By Sue Ellen Cooper, Exalted Queen Mother – Red Hat Society
If you’re a grandparent, chances are good that you remember many hit songs from the sixties. Thanks to the proliferation of “Oldies” radio stations, it’s still easy to re-hear them whenever we feel like getting nostalgic. The other day I heard “Turn, Turn, Turn,” by the Byrds. Remember that one? I’ll bet you can sing along with some of the words without trying too hard.
We almost certainly did not recognize the wisdom in those words back then, but I’m sure we all do by now – with a few extra decades under our belts. The song poignantly predicted that life would take us through a great many experiences – some wonderful, some painful. As adults we have learned, by experience, that there actually IS a season and a time for every purpose under heaven. Among other contrasts, the song mentions a time to plant, a time to reap; a time to laugh, a time to weep; a time to dance and a time to mourn.” We’ve been through all of that.
Another piece of conventional wisdom along the same lines (although it isn’t mentioned in the song) is that there is a time to be a child and a time to be a grown-up and “put away childish things.” When we reach the grandparent stage, we have surely left childish things behind. Most of us in our 50s and beyond actually struggle to remember what the experience of being a child was like. But in this case, it is well worth the effort to try to recapture that free, joyous spirit we may think we have seen the last of – especially if it will help us to truly connect with these small people whom we love so much.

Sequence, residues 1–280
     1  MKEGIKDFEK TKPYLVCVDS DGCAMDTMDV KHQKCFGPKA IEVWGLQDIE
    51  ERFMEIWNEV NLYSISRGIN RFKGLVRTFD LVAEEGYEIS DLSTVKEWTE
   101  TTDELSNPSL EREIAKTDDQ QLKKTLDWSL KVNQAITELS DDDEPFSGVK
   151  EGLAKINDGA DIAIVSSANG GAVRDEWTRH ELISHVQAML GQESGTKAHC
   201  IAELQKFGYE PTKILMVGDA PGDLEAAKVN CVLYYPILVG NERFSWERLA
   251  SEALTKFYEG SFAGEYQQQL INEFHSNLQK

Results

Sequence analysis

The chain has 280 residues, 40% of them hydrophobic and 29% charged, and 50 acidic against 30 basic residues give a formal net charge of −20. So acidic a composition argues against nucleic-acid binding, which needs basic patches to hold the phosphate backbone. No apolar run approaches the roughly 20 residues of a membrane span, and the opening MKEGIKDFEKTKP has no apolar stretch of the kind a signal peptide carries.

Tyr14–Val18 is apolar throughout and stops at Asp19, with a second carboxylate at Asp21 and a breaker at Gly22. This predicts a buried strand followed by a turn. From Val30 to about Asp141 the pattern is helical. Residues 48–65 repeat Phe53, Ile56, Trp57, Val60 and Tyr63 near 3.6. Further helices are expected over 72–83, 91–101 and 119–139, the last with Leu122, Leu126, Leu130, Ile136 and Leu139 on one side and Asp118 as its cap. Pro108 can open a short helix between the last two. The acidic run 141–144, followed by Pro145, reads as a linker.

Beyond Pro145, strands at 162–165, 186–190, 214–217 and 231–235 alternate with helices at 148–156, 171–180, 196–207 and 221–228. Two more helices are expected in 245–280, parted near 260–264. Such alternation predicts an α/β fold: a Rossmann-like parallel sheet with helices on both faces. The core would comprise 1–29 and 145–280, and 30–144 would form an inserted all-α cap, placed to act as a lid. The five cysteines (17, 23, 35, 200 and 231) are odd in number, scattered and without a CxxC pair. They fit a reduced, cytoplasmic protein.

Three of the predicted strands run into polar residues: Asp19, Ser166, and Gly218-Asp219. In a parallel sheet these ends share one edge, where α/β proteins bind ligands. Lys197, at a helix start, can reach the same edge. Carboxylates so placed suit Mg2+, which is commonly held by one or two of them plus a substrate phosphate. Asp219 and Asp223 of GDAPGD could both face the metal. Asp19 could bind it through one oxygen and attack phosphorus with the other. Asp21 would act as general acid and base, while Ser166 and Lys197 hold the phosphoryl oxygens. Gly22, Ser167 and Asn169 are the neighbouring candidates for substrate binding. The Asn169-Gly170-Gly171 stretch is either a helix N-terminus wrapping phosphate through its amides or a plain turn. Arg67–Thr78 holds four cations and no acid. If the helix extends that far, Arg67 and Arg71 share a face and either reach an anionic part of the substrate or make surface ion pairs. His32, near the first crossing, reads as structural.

There is something about grandchildren, a delight and freshness they bring into our lives, that cause us to long to get as close to them as we possibly can, to make them happy and share many of the joys of life with them by entering into their worlds.
If you are a grandmother, I have a suggestion that is guaranteed to jump start you in this effort. Join the Red Hat Society! Our mission is all about rediscovering your own “inner child,” refusing to grow stuffy and staid, and emphasizing the joyful, positive aspects of play. What could be more useful in helping you to circle around – back to childhood – and really connect with those kids! There’s a saying that “It’s never too late to have a happy childhood.” We Red Hatters are living proof of that, and we have plenty of room to take in more “trainees!”
About the Author – Sue Ellen Cooper
Exalted Queen Mother of the Red Hat Society
In case you missed it, here is cover and link to the 2011 issue featuring Sue Ellen Cooper and her two adorable grandkids. Isn’t this a GRAND cover?